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Int J Cancer. 1998 May 4;76(3):325-30.

Iatrogenic risks of endometrial carcinoma after treatment for breast cancer in a large French case-control study. Fédération Nationale des Centres de Lutte Contre le Cancer (FNCLCC).

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Centre Léon Bérard, Lyon, France.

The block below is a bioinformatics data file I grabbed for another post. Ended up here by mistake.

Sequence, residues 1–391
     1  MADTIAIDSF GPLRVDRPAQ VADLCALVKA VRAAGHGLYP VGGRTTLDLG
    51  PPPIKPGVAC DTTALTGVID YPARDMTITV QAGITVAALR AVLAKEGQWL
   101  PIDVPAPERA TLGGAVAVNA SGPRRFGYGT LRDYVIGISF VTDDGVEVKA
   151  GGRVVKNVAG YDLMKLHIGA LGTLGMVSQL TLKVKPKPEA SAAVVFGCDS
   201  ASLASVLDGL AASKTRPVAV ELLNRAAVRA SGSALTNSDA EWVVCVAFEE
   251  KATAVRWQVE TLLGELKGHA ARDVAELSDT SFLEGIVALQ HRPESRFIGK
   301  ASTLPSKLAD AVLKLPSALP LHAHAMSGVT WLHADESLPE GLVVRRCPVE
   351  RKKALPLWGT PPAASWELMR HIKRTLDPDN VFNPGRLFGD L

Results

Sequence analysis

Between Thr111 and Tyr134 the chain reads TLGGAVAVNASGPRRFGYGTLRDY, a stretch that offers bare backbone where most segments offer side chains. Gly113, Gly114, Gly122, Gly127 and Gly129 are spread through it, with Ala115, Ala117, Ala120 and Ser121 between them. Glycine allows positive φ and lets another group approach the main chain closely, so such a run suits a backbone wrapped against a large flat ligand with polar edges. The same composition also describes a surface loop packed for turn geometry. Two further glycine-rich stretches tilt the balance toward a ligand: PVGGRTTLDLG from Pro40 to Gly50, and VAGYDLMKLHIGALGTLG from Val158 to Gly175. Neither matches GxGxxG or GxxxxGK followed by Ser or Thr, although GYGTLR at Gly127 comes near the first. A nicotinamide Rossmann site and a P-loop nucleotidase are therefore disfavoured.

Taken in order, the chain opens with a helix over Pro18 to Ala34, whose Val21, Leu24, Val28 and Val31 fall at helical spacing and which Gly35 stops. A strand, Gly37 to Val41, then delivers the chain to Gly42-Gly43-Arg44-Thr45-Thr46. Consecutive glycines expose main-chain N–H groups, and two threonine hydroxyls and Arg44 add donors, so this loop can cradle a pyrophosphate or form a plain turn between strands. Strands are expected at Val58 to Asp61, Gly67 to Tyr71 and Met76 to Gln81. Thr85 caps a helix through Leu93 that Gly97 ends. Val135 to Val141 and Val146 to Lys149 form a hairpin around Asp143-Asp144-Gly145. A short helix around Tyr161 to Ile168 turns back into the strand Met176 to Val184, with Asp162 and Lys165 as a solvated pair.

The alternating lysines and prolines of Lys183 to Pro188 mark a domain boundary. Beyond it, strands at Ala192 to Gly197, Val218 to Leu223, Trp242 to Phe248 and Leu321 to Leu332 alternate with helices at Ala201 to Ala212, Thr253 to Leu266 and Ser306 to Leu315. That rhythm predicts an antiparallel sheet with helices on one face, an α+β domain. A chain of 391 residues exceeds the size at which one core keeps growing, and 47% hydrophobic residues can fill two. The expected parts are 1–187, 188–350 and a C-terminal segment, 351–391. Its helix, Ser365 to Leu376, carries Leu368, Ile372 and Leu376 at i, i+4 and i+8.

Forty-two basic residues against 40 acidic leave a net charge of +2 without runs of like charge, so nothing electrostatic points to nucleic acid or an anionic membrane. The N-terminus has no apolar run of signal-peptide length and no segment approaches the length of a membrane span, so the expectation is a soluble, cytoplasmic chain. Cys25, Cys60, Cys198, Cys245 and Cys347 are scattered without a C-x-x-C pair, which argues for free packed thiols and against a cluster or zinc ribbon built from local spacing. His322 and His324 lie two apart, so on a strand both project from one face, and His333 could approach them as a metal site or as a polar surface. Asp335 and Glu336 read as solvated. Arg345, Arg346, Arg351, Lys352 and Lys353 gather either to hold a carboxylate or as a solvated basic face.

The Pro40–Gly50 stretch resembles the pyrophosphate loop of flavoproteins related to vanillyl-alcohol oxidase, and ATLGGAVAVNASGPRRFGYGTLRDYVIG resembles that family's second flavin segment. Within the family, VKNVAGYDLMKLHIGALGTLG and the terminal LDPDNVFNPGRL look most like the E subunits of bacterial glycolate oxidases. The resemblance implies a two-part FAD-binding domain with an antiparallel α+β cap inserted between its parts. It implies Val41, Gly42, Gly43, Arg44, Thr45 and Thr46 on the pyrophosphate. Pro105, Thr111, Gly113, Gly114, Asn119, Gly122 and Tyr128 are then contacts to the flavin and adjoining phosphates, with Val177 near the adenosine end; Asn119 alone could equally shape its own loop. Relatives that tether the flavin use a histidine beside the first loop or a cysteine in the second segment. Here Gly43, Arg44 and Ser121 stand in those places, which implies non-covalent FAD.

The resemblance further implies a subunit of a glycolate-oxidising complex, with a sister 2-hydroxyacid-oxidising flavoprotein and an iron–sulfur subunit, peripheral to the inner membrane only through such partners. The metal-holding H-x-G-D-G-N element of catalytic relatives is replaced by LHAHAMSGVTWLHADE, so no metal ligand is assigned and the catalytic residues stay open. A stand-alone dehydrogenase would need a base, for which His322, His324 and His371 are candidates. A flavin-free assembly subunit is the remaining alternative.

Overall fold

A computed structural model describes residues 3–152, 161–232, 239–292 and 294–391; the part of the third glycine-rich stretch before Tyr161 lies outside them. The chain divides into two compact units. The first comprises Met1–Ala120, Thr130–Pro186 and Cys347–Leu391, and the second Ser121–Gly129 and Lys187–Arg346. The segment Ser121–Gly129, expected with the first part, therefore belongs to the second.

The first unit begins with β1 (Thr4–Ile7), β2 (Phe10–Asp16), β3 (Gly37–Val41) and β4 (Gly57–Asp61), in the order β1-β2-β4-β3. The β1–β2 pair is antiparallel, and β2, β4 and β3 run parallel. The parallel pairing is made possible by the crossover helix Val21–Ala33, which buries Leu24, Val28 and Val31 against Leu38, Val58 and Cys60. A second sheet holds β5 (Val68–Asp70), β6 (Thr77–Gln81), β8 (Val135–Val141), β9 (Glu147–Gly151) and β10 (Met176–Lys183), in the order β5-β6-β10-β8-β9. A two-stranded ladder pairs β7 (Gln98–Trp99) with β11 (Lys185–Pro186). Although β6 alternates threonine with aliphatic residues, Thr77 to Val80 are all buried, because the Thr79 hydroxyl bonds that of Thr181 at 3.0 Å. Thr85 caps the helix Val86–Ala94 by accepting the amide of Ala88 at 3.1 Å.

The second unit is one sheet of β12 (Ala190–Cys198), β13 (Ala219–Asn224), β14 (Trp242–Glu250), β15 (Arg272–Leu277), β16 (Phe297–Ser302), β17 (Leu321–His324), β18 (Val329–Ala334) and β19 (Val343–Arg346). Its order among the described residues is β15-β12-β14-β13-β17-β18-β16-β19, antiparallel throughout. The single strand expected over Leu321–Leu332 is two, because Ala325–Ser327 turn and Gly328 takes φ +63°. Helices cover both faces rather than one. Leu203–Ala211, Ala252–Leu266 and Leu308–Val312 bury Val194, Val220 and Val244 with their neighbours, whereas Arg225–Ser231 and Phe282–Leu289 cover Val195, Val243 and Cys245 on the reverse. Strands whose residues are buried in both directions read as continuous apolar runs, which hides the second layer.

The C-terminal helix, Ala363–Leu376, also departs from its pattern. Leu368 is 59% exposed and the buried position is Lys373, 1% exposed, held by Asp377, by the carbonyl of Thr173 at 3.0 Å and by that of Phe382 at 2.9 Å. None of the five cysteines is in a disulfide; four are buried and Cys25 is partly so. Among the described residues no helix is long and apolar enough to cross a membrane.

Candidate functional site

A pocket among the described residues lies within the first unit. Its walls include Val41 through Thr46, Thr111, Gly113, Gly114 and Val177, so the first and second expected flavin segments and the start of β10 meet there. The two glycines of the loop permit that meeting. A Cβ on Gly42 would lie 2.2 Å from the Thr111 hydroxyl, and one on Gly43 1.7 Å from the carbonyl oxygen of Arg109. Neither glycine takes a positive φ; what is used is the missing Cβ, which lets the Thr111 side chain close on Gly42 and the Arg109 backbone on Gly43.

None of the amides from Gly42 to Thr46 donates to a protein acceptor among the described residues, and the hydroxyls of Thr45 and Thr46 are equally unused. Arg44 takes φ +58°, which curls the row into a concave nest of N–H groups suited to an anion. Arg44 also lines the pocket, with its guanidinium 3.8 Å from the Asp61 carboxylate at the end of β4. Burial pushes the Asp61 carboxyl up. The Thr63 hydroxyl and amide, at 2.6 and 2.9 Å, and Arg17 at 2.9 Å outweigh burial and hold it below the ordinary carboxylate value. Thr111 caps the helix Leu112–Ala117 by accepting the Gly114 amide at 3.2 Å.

Since tamoxifen is widely used in breast cancer treatment and has been proposed for the prevention of breast cancer, its endometrial iatrogenic effects must be carefully examined. We have investigated the association between endometrial cancer and tamoxifen use or other treatments in women treated for breast cancer in a case-control study. Cases of endometrial cancer diagnosed after breast cancer (n = 135) and 467 controls matched for age, year of diagnosis of breast cancer and hospital and survival time with an intact uterus were included. Women who had received tamoxifen were significantly more likely to have endometrial cancer diagnosed than those who had not (crude relative risk = 4.9, p = 0.0001). Univariate and adjusted analyses showed that the risk increased with the length of treatment (p = 0.0001) or the cumulative dose of tamoxifen received (p = 0.0001), irrespective of the daily dose. Women who had undergone pelvic radiotherapy also had a higher risk (crude relative risk = 7.8, p = 0.0001). After adjusting for confounding factors, the risk was higher for tamoxifen users (p = 0.0012), treatment for more than 3 years (all p < 0.03) and pelvic radiotherapy (p = 0.012). Women who had endometrial cancer and had received tamoxifen had more advanced disease and poorer prognosis than those with endometrial cancer who had not received this treatment. Our results suggest a causal role of tamoxifen in endometrial cancer, particularly when used as currently proposed for breast cancer prevention. Pelvic radiotherapy may be an additional iatrogenic factor for women with breast cancer. Endometrial cancers diagnosed in women treated with tamoxifen have poorer prognosis. Women who receive tamoxifen for breast cancer should be offered gynaecological surveillance during and after treatment. A long-term evaluation of the risk-benefit ratio of tamoxifen as a preventive treatment for breast cancer is clearly warranted.

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